SimPlay—a diploma project by Valeria Gaitan Vallejo—seeks to fill a void in medical education where simulation is frequently used to develop technical skills, but doesn't yet focus on improving non-technical skills like communication and behavior changes among the medical team. With it's easy-to-use interface, the project sets up a system for facilitating the learning process in hospital settings. "This is a really audacious and ambitious project. We really admired the impact and the value this might bring when it's brought to maturity," said Interaction jury member Matt Jones. "We were really impressed by both the range of data it captured and the range of ways it visualized data to really hopefully bring some improvements to the situation."
The Society's brick-and-mortar location in Massachusetts is where many people begin their personal adventure of finding their inner adult.
The thought of a master's program-like course for adulthood might seem gratuitous, but through research and development, the IDEO design team uncovered a pretty extensive cultural problem. "What they realized in doing this research was that it wasn't about trying to inform to sell better but perhaps to solve a more profound problem concerning financial literacy," noted Strategy & Research jury Captain Dr. Melis Senova. "They basically addressed a cultural problem and unmet needs completely with the creation of a new venture in its entirety." Through a combined solution of classes, one-on-one financial coaching, digital tools, and a community space, the program seeks a simple goal: "We're all here to help each other become a little smarter. And a little more grown-up."
"Synchrony eliminates that technical barrier using an approachable and universally understood form language of a hand drum. Its 20 keys are tuned to the pentatonic scale, which, having no dissonant intervals, allows any combination of keys to sound good together, enabling parent and child to create harmonious melodies regardless of musical ability," explains designer Kenneth Tay.
Synchrony is a platform for helping parents and children with Autism foster intimacy and mutual understanding. "Designed to sound harmonious regardless of musical ability, it facilitates a mutually enjoyable music making process," explains designer Kenneth Tay. "Parent and child can both coexist in a shared space, communicate nonverbally through music, and engage in interpersonal play while working towards therapeutic goals." Our jury responded to the beautiful design and strong social element. "The historical drum like semantic and the new digital semantic has got book ends of history in there," said Commercial Equipment jury member Mike Gallagher, "and I think that it has more use than for autism."
Silvia Neretti, the self-proclaimed Unhappiness Repairer, travels with her pop-up office searching for people who could benefit from her intimate, low-tech approach to channeling happiness through design.
Through this project, designer Silvia Neretti creates what she refers to as "behavioral artifacts," simple interventions created in response to one-on-one consultations that attempt to heal bad habits and bring "design happiness" into everyday life. "It combined psychology and the design method to improve people's daily happiness levels," said Service Design jury Captain Cathy Huang. "It's a really clever way to get rid of their bad habits and help them change their behavior for the better." Our jury also responded to the simple, low-tech approach of the project. "The Unhappiness Recorder talks about different roles for designers and an expanded view of design where we're not just creating these glossy products that satisfy simple needs, but really delving into what happiness means and exploring how we use existing products to make interventions in quite creative and interesting ways," said Speculative Concepts jury member James Auger.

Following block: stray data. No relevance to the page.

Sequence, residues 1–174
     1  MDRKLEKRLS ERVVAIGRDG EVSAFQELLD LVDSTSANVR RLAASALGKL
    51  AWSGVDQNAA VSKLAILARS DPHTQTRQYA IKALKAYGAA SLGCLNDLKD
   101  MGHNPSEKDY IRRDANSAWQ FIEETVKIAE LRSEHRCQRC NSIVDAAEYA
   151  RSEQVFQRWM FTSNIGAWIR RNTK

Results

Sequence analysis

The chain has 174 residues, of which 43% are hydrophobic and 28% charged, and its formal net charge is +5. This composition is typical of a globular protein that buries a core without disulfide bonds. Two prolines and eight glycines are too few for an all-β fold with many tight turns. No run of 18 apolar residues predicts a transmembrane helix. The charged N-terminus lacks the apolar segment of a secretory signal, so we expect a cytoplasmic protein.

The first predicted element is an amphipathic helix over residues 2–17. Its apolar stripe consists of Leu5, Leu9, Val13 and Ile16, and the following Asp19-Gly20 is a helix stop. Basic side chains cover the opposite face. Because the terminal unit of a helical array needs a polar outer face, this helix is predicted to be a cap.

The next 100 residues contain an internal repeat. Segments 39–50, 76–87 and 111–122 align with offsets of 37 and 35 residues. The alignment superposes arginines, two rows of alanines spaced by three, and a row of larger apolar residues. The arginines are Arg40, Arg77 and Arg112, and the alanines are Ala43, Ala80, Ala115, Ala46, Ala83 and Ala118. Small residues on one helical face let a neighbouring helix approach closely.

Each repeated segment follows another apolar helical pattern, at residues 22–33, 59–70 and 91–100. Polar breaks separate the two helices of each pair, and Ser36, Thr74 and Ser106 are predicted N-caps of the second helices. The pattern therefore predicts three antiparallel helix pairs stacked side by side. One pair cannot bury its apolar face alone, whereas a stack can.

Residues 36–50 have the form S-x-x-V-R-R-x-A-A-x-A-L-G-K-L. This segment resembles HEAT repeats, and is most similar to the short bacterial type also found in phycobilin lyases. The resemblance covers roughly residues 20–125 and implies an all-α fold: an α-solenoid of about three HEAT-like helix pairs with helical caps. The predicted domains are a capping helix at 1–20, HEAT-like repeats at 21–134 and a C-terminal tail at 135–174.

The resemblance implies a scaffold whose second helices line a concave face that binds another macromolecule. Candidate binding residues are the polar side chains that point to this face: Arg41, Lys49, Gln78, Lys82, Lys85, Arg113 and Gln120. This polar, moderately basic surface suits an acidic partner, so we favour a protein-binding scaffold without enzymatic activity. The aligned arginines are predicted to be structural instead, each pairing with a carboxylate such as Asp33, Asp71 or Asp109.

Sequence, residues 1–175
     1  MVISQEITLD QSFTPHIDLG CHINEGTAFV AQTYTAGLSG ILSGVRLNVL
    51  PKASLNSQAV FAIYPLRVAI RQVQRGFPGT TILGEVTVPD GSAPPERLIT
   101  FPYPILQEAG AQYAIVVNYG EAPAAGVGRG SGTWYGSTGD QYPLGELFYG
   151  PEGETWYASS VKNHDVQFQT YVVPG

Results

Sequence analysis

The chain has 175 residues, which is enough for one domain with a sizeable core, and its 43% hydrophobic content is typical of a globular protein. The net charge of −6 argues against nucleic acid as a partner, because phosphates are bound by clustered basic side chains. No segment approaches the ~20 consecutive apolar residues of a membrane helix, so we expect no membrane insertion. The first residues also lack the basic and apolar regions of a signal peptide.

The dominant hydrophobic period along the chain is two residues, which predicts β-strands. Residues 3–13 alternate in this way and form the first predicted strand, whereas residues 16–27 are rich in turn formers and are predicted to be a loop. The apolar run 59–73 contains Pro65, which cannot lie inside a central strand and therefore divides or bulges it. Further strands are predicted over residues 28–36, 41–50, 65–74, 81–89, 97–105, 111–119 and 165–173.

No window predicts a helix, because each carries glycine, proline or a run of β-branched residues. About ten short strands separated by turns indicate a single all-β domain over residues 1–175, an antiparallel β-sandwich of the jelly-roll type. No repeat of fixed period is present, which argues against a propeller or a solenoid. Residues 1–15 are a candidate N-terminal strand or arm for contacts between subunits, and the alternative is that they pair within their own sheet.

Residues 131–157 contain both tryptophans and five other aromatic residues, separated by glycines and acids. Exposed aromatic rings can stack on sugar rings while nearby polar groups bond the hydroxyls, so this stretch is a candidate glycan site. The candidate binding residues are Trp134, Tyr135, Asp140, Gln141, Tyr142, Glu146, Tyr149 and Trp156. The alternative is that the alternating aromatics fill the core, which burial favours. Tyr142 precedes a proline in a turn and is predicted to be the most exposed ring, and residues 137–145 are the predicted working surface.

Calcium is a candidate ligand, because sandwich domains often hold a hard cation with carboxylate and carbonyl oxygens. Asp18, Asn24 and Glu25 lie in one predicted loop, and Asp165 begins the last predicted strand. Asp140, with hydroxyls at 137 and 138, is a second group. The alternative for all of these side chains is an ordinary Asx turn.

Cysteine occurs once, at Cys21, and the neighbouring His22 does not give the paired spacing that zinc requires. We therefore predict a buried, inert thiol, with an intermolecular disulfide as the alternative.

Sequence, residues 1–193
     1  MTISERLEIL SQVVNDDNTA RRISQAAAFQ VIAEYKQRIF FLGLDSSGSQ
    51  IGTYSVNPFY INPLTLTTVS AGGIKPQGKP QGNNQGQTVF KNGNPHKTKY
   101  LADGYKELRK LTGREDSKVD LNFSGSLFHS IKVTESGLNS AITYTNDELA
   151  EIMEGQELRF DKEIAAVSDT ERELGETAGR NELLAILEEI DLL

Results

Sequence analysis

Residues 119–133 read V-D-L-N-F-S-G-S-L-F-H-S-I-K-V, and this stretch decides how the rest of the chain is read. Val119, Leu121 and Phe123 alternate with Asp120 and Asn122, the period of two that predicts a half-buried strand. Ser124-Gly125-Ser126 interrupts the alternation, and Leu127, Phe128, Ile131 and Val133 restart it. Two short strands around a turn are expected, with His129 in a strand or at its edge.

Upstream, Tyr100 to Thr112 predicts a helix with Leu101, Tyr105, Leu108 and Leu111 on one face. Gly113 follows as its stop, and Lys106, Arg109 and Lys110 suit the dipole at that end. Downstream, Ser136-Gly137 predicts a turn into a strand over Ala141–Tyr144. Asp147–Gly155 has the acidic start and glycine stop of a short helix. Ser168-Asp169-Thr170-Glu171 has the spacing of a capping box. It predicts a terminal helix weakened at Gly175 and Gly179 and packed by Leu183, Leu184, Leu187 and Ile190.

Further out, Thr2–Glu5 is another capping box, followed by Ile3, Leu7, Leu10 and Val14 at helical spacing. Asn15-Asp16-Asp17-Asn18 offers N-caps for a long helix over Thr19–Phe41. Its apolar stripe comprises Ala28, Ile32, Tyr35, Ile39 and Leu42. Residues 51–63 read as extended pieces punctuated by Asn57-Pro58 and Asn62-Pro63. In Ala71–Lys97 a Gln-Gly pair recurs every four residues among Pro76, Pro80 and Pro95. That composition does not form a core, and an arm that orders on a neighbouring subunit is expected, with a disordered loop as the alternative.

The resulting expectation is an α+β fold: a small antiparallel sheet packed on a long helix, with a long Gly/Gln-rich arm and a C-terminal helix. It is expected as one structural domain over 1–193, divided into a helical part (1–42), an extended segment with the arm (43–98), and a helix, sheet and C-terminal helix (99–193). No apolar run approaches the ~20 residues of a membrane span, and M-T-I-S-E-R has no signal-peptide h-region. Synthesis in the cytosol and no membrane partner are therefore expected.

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TiLT emerged from a series of questions: What is the value of play? How is it perceived in different countries? How does play affect a developing child, a school, a community? How can design be integrated into research to maximize use of limited materials within a playscape? To begin finding out some of the answers. Marie-Catherine Dube immersed herself in the Nepales landscape, living there for the duration of the project and using her observations and experiences to drive the final project which ended up being a "beautiful collision of two worlds, design, and a creative impact platform in the form a playground," as she describes. "What most moved us was the openness to local realities that came across so strongly in the story of this project," explains Social Impact jury member John Thackara. "The student was able to see it wasn't just about creating a playground—it was actually a platform to shift mindsets and open up new possibilities of interaction in the community," remarked Strategy & Research jury Captian Dr. Melis Senova. "It's really rare to see a student actually take themselves across the world and immerse themselves in the culture that they're studying."